Here we look at a two dimensional euclidean space embedded in a three dimensional projective space, we are using the hemisphere model to do this projection.
In two dimensional projective space using hemisphere model:
 Straight lines in euclidean space map to great circles (or semi circles) in projective space.
 Horizontal lines meet at (±1,0,0) which is the point at infinity for horizontal lines.
 Vertical lines meet at (0,±1,0) which is the point at infinity for vertical lines.
 The line at infinity is the line around the sphere at z=0, a point on this line represents direction.
From the above we can see that, as we move away from the origin, lines that cross at 90° in euclidean space do not cross at 90° in projective space. So angles away from the origin are not conserved by the projection.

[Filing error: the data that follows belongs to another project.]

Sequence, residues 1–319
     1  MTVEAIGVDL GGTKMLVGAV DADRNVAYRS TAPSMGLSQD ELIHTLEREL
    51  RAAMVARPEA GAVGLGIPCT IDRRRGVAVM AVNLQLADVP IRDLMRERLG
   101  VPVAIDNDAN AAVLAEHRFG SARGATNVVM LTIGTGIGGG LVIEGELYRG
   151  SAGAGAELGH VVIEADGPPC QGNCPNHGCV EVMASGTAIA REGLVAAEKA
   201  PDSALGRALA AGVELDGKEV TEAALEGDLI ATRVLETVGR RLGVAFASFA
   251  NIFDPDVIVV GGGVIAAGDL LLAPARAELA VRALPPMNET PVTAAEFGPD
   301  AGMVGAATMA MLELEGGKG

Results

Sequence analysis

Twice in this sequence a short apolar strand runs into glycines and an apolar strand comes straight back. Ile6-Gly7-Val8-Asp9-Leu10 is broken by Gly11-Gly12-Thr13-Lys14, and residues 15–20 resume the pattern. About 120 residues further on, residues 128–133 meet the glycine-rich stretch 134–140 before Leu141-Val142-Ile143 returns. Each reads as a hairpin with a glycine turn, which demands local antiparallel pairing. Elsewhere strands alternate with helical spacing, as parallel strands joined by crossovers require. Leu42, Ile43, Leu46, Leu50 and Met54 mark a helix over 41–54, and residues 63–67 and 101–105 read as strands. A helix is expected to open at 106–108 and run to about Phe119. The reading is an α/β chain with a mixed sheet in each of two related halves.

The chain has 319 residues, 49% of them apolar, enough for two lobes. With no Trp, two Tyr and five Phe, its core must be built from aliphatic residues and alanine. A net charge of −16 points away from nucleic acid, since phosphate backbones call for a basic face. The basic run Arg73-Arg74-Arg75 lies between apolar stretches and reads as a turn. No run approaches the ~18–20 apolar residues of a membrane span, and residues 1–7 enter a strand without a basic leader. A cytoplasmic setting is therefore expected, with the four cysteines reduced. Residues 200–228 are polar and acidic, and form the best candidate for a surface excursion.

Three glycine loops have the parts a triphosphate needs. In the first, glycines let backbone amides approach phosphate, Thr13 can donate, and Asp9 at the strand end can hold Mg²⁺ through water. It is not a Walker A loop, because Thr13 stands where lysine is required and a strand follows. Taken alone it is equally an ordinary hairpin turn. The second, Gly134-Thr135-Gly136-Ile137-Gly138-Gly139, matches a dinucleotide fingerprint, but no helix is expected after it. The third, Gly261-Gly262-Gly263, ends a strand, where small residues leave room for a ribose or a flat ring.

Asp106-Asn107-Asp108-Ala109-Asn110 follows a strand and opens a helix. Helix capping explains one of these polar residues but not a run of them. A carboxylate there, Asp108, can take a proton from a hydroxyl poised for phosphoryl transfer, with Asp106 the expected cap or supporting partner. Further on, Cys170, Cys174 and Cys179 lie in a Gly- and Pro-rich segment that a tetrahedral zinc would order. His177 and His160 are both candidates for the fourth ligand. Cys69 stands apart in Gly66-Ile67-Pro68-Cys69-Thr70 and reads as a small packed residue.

Derivation for translation between projective (hemisphere) and euclidean spaces
Since we are projecting using a straight line then there is a linear relationship between a point on the plane and its projection on the sphere:

= λ 

where:
 (x,y,z) = projective coordinates
 (u,v) = euclidean coordinates
 λ = expansion factor of vector: function of (x,y,z) or (u,v)
Dividing the top two rows by the bottom row gives the euclidean coodinates in terms of the projective coordinates:

= 

To go the other way from the projective coordinates to the euclidean coodinates we need to use the information that the coordinates are constrained to a unit sphere so:
x² + y² + z² = 1
rearanging gives:
x²/z² + y²/z² + 1 = 1/z²
u² + v² + 1 = 1/λ²
λ = ±1/√(u² + v² + 1)
substituting this into the first vector equation gives:

= ±1/√(u² + v² + 1)